Notes from Last Night’s ANC 1A (Columbia Heights) Public Safety Committee Meeting by Bill DeBaun

by Prince Of Petworth April 5, 2019 at 1:10 pm 0

Bill DeBaun lives with his wife and child in Columbia Heights. Thanks to Bill for taking the time to write this up.

“Last night there were about 20 attendees at the ANC 1A Public Safety Committee meeting at District Bridges in Columbia Heights. The panel last night consisted of representatives from the Department of Human Services (DHS) and the Office of Neighborhood Safety and Engagement. A representative from the Department of Behavioral Health was supposed to attend but couldn’t make it. Notably there was no MPD representative (it appears that was last month, next month will be representatives from community-based organizations engaged in the ANC). During introductions, half or more of the attendees noted they were there out of concern for Columbia Heights’ recent shootings. Attendees identified homelessness, public substance abuse, stop and frisk, underfunding of the NEAR Act, and concerns about MPD training exchanges with Israel, among other issues, as concerns.

Judy Williams ([email protected]) was the DHS representative and discussed her and her team’s work with homeless engagement and meeting those living on the street where they are and connecting them with available resources. She noted there are currently two members of her team on homeless outreach (for the whole city!) and two focusing specifically on opioid outreach and K2 monitoring/prevention (also for the whole city). There was some discussion about whether or not an additional three positions on these teams were funded and just not filled yet or whether funding was pending (I wasn’t clear on where that shook out from my notes, apologies.) K2 (“spice”) is a big problem in Columbia Heights’ plaza, and she noted that they try to keep tabs of what the K2 “hot spots” are to try to put cold water on them by being present as a deterrent and monitoring those who have bad reactions to the drug.

ONSE launched about a year ago as a result of passage of the NEAR Act. The representatives last night talked about the different programs ONSE has. These include the Pathways Program, violence intervention/interruption, and critical incidence response.

The Pathways Program right now is serving about 25 per cohort. It aims at “getting to those most vulnerable for participating in or being victims of violence.” Participation in the program is voluntary, and criteria for participation include, for example, previous gun charges, not being engaged with any kind of structured activities, previous incarceration.  Referrals come from CSOSA (the parole system) and “credible source referrals” from community partners or staff members. Those in the program focus on workforce skills and changing mindsets. It’s a nine-week program followed by six months of DC-subsidized job placement followed by, ideally, full-time employment. There have been two cohorts so far, about 50 individuals total. The next cohort starts May 13.   The first cohort had about 18 graduates, 17 or so were placed into permanent employment, a few within the Pathways office itself. The second cohort saw 24 of 25 members graduate, and they started their subsidized employment in February. The ONSE representatives noted that of those placed from the first cohort many are now within the DC government earning a livable wage. This isn’t a direct quote but it’s close: “For people who really want change, this is the opportunity for a different lifestyle for them.” There has not been an incident of those from rival communities getting into a dispute inside or outside of the program. Pathways is currently meeting number of referrals they’re currently getting, and it seems like the issue is developing a pipeline of people who are ready to commit to the intervention. Many of those in the first two cohorts are now referring their neighbors/community members/others who they think would benefit. Where there would be any overage above cohort capacity, ONSE refers these people to other programs (e.g., OSSE adult education, DOES, etc.)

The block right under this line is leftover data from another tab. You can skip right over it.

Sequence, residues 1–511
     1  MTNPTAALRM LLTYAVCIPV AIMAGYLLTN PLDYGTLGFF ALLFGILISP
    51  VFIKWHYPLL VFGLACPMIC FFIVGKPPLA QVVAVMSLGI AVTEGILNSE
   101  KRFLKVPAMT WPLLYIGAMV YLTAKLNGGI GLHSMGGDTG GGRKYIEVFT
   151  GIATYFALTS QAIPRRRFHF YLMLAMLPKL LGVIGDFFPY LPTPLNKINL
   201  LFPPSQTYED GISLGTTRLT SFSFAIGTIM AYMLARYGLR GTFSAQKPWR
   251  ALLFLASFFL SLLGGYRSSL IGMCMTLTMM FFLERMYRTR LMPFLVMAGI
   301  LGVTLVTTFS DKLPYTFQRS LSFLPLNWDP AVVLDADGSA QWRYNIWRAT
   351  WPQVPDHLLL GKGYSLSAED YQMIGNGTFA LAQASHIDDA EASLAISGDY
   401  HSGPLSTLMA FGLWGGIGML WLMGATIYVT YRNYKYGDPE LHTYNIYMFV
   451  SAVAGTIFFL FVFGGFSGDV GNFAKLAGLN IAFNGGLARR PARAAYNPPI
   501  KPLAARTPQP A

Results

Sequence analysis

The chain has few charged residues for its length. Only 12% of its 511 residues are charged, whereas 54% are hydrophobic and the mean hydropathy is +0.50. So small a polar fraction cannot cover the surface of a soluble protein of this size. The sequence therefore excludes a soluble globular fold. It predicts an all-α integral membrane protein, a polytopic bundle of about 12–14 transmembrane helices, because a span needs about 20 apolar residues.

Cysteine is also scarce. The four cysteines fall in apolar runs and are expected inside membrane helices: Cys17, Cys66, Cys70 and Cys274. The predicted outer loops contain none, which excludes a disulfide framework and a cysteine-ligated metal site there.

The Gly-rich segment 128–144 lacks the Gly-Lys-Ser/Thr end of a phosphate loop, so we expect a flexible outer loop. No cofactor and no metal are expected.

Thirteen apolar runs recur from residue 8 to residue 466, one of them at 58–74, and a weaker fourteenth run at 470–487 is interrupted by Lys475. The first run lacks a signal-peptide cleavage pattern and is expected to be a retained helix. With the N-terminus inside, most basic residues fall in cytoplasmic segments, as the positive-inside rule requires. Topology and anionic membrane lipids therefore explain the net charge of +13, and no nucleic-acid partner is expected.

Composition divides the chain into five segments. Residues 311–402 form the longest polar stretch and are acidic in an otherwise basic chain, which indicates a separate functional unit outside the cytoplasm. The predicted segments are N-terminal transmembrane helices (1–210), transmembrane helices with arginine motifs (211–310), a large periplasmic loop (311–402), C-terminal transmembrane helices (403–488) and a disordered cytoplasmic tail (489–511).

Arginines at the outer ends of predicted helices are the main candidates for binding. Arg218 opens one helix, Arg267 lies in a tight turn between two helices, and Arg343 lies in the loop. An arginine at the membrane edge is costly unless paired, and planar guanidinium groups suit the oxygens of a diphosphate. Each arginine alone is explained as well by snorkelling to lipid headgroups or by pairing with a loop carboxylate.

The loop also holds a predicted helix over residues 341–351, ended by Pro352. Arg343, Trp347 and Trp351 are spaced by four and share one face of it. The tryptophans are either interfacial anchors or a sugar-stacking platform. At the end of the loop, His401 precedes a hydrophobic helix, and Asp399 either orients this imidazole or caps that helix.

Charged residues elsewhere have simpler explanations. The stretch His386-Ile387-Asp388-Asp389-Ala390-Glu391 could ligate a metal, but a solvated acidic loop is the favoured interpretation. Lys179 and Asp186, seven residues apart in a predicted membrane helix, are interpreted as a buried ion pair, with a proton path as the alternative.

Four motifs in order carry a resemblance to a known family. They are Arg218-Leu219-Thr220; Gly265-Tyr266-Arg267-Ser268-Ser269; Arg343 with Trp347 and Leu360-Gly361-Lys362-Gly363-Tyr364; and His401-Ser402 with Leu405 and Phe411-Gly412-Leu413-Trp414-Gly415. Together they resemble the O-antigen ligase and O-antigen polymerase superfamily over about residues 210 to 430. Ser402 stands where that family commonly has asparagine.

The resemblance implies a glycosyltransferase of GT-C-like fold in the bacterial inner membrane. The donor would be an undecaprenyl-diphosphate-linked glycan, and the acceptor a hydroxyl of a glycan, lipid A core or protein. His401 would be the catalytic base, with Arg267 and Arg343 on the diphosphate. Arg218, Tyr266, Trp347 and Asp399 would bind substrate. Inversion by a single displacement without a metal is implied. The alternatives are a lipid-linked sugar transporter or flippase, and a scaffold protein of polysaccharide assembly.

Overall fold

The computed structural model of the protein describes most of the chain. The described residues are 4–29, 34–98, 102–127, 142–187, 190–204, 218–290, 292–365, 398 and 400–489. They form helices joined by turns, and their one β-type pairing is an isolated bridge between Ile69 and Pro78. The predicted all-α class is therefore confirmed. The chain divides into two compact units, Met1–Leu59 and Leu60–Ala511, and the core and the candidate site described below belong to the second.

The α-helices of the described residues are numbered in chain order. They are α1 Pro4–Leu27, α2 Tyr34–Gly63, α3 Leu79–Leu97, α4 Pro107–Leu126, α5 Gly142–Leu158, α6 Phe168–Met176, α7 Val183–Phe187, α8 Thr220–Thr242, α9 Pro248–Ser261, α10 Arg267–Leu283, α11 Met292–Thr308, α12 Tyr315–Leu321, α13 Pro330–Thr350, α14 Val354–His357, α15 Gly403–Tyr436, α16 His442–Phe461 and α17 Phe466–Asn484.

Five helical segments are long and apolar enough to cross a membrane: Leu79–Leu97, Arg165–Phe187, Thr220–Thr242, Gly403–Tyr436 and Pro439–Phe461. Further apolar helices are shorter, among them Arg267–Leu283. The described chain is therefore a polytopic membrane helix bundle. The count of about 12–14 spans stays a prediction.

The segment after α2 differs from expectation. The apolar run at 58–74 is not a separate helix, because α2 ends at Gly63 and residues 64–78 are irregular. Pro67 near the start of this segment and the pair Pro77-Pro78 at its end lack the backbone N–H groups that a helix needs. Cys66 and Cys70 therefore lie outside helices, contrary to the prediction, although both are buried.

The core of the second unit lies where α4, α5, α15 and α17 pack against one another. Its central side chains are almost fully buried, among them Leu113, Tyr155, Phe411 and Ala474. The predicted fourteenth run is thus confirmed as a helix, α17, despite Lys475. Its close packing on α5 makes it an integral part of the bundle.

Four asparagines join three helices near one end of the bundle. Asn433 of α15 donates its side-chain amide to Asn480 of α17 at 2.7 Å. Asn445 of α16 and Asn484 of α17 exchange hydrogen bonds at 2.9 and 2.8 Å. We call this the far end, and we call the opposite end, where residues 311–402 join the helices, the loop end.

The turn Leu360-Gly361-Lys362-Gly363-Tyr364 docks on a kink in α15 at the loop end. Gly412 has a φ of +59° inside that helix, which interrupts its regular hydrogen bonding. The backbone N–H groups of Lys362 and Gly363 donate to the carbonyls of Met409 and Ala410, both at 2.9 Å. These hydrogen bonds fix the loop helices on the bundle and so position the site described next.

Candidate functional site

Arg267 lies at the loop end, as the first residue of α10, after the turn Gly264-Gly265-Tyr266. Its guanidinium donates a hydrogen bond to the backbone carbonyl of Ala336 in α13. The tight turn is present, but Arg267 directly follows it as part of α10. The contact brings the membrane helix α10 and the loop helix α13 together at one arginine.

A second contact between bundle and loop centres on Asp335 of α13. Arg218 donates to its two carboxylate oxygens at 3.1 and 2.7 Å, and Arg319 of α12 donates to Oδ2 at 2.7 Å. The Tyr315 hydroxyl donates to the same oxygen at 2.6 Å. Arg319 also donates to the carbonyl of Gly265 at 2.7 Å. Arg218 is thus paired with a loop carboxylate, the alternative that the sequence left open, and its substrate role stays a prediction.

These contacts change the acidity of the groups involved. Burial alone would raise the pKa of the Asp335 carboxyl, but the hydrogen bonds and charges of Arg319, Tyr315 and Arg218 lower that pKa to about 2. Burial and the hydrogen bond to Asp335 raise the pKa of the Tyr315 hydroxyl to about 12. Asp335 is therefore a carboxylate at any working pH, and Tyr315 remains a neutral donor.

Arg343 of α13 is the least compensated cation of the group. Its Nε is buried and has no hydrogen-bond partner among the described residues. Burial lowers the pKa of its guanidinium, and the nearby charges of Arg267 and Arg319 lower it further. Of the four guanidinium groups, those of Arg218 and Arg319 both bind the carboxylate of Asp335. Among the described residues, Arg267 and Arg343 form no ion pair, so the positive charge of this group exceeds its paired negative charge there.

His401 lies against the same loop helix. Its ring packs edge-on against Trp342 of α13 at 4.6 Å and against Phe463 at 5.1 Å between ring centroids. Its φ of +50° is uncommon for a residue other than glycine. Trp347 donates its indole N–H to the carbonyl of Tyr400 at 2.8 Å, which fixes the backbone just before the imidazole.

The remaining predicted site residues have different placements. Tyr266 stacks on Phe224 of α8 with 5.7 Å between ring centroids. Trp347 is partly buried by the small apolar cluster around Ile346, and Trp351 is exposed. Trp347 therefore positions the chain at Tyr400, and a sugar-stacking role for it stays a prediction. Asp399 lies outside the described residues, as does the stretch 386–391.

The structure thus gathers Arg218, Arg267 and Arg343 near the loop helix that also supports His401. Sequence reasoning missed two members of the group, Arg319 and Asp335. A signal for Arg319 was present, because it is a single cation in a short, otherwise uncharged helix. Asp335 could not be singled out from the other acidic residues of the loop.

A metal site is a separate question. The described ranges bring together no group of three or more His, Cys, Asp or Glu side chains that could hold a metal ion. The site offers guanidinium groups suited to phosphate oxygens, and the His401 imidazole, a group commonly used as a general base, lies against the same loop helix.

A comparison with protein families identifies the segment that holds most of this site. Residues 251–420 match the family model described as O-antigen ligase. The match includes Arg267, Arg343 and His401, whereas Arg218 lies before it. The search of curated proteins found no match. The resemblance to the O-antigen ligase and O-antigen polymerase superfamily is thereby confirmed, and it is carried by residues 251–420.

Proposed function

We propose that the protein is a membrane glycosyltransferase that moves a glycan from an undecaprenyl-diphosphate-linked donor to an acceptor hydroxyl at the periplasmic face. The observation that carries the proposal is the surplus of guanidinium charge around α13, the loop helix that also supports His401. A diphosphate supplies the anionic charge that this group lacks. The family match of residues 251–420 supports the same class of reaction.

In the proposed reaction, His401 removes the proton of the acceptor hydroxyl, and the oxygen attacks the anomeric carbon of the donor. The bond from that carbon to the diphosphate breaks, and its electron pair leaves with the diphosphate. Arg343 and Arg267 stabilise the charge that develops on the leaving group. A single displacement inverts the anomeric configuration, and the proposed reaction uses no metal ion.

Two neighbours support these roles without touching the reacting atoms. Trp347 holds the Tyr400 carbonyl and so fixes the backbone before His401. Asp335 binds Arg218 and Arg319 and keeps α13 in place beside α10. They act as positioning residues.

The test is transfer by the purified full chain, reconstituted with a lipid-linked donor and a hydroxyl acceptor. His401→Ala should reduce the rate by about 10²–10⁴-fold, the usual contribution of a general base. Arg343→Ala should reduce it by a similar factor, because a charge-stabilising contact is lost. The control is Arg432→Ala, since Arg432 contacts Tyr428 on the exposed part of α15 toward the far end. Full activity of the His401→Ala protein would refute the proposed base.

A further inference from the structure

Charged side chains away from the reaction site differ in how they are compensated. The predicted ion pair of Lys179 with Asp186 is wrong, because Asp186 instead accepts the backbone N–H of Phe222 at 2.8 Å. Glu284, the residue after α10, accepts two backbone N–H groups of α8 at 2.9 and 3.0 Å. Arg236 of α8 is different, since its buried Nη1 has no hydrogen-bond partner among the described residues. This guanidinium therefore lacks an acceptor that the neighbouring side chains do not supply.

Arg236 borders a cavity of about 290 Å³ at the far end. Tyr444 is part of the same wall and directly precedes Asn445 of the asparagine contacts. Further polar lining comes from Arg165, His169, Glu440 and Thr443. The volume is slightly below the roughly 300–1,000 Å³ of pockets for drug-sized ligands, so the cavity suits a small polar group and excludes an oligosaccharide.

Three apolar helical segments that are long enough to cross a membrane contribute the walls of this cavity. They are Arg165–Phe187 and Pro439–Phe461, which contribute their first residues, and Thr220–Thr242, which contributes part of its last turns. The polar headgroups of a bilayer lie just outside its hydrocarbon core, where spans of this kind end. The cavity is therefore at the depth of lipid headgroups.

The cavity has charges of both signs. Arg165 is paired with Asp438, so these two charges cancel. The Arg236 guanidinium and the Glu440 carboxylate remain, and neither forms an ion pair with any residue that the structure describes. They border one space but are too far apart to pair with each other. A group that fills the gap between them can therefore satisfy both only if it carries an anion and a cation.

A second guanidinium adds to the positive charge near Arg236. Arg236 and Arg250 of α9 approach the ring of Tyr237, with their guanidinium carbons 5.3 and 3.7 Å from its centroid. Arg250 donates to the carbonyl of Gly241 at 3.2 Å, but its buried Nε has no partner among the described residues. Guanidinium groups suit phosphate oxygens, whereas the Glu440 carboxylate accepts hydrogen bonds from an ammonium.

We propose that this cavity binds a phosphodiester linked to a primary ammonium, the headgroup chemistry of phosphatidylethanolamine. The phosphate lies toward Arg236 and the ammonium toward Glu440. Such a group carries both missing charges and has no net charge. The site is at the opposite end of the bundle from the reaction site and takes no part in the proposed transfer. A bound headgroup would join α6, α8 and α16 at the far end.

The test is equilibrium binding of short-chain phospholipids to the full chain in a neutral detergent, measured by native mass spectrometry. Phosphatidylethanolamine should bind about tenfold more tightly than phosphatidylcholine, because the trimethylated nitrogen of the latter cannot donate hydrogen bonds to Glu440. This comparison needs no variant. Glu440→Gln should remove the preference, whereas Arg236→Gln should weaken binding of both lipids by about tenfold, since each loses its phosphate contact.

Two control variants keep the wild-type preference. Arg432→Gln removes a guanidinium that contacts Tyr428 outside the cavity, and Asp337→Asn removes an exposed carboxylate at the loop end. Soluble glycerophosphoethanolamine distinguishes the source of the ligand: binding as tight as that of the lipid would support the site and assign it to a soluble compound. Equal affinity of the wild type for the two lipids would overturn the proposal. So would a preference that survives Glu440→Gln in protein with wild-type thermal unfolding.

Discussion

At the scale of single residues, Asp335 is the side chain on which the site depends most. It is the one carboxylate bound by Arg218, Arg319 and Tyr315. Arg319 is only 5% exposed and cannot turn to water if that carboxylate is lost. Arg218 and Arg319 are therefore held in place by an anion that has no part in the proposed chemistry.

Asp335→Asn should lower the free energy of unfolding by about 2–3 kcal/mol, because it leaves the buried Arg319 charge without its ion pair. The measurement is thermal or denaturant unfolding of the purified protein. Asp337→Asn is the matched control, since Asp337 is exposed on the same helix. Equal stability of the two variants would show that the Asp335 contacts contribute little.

ONSE also operates violence intervention/interruption programs in all Wards to try to either prevent or de-escalate conflicts where they’re about to arisen or have arisen. ONSE will soon be starting a program that will work within schools to mediate issues with and between students and do programming.